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Pros: The interactive games let students practice the concepts in an easy, no stress setting.
Cons: Teachers may have trouble keeping track of how much their students are understanding.
Bottom Line: These videos and games are a great, game-based introduction to complex topics that are often ignored.
The FitMoney $upersquad videos and activities offer a great way to start learning about topics that are often overlooked, but teachers will likely need to put in some effort to supplement the learning. Have students make their own way through each module, and then get them involved in a related classroom activity. Alternatively, teachers could present the videos to the whole class or small groups and have students decide together which choices to make in the activities. Either way, engage students in discussions about each new topic. And teachers looking to assess student learning will need to create their own tools.
FitMoney $upersquad is a free web-based interactive game that covers the basics of financial literacy. Kids watch videos, answer multiple-choice questions, and play mini games to learn about saving vs spending, wants vs needs, budgeting, basic banking models, and more. The first stop in the virtual world of Fitonia is the Meet Your Money module where students learn about the basics of what money is, how to value it, and how to recognize and count U.S. coins and bills. Subsequent modules cover topics like saving and spending, credit and banking, shopping, budgeting, insurance, earnings and taxes, and investing. When students complete a module, they get a certificate as well as a learning guide that details what topics the module covered and offers a few suggestions for extending the learning. In addition to the modules, kids can also personalize their avatar using coins they earn through game play. The games are text-based, but there’s an audio button to hear the text read out loud. At the time of review, FitMonday $upersquad was in beta version and there were a few technical problems that sometimes made advancing through the activities a little confusing.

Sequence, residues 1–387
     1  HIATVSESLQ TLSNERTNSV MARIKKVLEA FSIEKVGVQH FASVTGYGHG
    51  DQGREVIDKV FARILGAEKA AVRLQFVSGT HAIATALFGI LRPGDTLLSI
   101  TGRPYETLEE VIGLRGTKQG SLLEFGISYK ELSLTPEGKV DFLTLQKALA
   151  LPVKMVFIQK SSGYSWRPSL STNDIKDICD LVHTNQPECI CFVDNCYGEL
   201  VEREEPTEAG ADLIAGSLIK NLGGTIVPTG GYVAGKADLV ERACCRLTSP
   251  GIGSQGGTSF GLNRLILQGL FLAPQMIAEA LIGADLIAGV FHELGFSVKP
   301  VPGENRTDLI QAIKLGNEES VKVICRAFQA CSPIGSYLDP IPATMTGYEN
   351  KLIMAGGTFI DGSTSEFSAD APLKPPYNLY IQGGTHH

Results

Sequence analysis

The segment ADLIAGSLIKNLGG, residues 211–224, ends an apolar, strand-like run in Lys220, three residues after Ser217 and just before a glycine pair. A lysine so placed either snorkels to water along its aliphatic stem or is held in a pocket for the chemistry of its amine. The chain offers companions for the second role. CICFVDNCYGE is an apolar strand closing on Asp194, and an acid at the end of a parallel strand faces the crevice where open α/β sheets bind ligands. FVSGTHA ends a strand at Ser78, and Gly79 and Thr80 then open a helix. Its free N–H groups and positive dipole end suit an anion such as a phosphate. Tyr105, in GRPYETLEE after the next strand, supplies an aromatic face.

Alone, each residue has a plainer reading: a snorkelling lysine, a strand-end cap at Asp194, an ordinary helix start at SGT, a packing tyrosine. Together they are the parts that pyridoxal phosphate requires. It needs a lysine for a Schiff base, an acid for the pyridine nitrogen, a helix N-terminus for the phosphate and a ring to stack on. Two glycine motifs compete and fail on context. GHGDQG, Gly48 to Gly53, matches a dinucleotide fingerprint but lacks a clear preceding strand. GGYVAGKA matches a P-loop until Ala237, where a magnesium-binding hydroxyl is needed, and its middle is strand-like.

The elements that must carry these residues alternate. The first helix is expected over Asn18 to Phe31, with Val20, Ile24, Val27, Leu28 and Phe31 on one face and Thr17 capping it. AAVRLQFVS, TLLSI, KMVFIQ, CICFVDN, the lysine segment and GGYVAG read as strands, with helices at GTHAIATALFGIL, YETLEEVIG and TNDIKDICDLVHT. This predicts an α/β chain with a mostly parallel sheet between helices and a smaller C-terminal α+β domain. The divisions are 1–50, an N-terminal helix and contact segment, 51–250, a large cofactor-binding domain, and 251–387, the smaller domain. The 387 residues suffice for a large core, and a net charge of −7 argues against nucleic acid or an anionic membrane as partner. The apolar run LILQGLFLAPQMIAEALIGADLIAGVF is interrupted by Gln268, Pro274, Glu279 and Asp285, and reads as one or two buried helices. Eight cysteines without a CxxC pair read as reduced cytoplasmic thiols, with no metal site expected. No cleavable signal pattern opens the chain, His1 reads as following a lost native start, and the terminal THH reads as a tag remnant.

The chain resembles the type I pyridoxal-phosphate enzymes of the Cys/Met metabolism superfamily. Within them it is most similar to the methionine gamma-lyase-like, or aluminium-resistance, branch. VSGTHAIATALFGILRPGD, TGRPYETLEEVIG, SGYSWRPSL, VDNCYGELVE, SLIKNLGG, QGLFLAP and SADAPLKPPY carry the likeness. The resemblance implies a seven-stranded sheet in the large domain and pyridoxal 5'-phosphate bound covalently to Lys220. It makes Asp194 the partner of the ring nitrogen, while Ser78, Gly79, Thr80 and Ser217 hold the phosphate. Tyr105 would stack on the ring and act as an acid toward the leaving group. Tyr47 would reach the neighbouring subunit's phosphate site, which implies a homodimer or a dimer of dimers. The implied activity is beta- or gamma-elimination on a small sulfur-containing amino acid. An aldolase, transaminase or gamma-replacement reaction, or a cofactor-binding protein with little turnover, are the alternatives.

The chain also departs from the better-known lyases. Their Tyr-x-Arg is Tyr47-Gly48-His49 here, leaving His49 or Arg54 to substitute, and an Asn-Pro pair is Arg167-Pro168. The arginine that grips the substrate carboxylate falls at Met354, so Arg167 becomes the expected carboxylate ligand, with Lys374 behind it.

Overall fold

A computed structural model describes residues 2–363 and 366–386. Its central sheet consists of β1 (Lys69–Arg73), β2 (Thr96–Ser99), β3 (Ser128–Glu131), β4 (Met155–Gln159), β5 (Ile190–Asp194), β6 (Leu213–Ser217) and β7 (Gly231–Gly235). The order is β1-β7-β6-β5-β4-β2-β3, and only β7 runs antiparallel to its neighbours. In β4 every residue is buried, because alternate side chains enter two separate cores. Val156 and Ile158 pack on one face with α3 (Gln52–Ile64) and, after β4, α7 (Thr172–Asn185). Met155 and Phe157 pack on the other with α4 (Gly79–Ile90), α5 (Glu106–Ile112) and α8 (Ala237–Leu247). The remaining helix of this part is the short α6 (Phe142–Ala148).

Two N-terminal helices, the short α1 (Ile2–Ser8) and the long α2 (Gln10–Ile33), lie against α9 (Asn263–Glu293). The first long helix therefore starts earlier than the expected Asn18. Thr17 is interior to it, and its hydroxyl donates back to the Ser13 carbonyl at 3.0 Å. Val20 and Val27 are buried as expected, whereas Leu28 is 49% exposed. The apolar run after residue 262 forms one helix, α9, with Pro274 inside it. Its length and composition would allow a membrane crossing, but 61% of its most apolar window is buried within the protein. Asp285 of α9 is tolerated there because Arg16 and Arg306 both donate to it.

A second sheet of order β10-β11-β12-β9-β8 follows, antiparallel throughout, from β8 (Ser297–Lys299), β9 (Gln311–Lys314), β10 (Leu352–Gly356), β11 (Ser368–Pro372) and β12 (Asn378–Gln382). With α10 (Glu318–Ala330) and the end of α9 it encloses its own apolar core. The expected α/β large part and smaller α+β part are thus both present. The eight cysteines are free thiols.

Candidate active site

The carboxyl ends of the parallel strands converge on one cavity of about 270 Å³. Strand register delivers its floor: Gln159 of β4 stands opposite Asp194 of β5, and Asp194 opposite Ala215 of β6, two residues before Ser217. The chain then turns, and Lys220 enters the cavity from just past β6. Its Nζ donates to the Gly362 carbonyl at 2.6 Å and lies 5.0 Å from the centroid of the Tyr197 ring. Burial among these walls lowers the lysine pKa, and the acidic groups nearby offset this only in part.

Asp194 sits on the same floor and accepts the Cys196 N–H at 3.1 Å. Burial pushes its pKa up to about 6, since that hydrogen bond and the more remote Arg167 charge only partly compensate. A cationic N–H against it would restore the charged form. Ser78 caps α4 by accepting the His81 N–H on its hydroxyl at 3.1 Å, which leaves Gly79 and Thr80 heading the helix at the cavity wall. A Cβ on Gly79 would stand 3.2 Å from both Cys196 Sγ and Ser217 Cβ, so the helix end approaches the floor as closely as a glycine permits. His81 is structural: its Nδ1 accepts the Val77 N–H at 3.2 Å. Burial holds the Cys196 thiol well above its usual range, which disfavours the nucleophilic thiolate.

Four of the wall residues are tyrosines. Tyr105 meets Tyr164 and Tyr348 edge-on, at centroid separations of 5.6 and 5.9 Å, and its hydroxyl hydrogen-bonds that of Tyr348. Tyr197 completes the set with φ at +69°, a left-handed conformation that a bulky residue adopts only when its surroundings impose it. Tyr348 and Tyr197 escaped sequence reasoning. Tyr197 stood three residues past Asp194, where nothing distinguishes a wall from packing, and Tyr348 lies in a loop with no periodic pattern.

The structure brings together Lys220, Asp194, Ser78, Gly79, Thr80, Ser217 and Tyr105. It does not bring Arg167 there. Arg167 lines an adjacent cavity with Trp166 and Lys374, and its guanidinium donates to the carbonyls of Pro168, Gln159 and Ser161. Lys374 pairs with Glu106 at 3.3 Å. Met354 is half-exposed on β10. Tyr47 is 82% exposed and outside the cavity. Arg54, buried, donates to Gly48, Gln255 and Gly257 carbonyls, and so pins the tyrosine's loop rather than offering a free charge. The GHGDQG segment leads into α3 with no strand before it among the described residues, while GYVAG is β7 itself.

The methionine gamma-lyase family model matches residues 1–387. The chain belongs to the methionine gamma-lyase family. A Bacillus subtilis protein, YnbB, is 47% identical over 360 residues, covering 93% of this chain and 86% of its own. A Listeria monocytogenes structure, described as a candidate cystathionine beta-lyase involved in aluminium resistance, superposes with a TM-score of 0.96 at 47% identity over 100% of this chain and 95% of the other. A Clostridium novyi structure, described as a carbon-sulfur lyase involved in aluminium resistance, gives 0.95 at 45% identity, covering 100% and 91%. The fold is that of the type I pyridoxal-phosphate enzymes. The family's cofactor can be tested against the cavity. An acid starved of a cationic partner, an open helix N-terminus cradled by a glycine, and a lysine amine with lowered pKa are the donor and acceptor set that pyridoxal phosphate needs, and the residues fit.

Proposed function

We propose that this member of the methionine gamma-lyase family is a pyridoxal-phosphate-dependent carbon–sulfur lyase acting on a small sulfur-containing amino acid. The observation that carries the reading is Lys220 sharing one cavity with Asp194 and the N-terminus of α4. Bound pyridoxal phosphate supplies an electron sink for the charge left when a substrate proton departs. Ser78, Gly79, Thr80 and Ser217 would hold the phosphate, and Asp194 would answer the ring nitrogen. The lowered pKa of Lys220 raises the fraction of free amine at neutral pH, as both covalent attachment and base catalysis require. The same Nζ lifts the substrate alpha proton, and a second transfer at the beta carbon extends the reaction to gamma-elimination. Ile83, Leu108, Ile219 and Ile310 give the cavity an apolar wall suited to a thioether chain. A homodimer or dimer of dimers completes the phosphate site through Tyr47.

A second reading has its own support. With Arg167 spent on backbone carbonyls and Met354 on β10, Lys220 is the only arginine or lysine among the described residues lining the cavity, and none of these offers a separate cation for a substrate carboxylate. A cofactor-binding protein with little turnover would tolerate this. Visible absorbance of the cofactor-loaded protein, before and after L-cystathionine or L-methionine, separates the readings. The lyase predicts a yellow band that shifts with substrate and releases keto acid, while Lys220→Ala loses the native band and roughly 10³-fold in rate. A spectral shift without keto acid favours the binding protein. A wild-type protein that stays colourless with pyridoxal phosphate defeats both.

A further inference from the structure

FitMoney $upersquad introduces important financial literacy topics in a simple, accessible way. The curriculum relies mostly on videos, though there are enough interactive games to encourage students to think more deeply and practice the topics covered in the modules. Explanations for complex topics are mostly presented in easy to understand language, though younger students may need some additional help. Things also move pretty quickly and some topics will need a lot more practice. There’s some limited feedback when students answer questions incorrectly, but nothing in depth.